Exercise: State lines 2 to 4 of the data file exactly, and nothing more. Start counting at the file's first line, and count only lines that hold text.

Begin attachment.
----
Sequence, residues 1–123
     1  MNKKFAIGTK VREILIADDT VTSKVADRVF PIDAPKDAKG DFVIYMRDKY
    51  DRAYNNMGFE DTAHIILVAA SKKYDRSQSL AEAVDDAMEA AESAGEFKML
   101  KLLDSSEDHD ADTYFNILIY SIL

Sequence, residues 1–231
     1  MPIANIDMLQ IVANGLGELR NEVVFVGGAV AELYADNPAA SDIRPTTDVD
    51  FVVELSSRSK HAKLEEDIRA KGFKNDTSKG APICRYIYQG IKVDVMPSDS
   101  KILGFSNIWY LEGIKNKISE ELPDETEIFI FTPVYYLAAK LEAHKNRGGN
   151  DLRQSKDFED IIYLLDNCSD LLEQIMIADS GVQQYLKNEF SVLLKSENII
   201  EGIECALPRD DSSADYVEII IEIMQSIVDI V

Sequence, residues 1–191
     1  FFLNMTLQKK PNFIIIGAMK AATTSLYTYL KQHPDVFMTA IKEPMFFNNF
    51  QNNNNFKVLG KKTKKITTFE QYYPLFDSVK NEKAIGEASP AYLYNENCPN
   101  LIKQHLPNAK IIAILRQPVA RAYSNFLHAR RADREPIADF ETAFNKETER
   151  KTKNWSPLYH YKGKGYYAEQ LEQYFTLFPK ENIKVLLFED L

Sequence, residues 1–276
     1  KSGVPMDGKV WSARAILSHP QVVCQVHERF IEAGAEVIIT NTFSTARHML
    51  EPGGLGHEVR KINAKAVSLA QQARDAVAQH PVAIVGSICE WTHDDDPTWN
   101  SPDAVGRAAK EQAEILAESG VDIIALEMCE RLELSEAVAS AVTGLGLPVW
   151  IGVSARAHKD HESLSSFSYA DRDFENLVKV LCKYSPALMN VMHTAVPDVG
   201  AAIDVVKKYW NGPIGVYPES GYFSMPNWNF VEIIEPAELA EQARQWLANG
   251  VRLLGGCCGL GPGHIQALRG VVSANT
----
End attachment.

     1  MNKKFAIGTK VREILIADDT VTSKVADRVF PIDAPKDAKG DFVIYMRDKY
    51  DRAYNNMGFE DTAHIILVAA SKKYDRSQSL AEAVDDAMEA AESAGEFKML
   101  KLLDSSEDHD ADTYFNILIY SIL